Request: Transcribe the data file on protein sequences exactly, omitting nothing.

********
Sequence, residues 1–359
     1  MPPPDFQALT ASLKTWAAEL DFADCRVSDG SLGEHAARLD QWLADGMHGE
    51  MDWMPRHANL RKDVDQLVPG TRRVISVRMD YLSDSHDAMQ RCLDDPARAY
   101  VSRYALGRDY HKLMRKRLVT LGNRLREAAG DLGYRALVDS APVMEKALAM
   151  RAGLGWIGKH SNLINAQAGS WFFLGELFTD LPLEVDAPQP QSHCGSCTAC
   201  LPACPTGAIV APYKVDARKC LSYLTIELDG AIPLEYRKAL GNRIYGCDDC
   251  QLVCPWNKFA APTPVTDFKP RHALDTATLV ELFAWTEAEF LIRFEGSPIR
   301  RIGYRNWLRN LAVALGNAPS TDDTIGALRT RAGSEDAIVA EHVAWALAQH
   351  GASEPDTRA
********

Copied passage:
Sequence, residues 1–359
     1  MPPPDFQALT ASLKTWAAEL DFADCRVSDG SLGEHAARLD QWLADGMHGE
    51  MDWMPRHANL RKDVDQLVPG TRRVISVRMD YLSDSHDAMQ RCLDDPARAY
   101  VSRYALGRDY HKLMRKRLVT LGNRLREAAG DLGYRALVDS APVMEKALAM
   151  RAGLGWIGKH SNLINAQAGS WFFLGELFTD LPLEVDAPQP QSHCGSCTAC
   201  LPACPTGAIV APYKVDARKC LSYLTIELDG AIPLEYRKAL GNRIYGCDDC
   251  QLVCPWNKFA APTPVTDFKP RHALDTATLV ELFAWTEAEF LIRFEGSPIR
   301  RIGYRNWLRN LAVALGNAPS TDDTIGALRT RAGSEDAIVA EHVAWALAQH
   351  GASEPDTRA